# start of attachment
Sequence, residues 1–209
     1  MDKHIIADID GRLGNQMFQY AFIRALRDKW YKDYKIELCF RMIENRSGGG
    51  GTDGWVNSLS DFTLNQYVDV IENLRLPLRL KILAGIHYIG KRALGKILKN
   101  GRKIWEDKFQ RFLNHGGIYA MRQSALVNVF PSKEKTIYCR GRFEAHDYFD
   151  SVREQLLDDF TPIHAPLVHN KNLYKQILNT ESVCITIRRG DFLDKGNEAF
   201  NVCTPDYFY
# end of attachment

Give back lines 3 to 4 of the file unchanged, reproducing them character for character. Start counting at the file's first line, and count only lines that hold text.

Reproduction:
    51  GTDGWVNSLS DFTLNQYVDV IENLRLPLRL KILAGIHYIG KRALGKILKN
   101  GRKIWEDKFQ RFLNHGGIYA MRQSALVNVF PSKEKTIYCR GRFEAHDYFD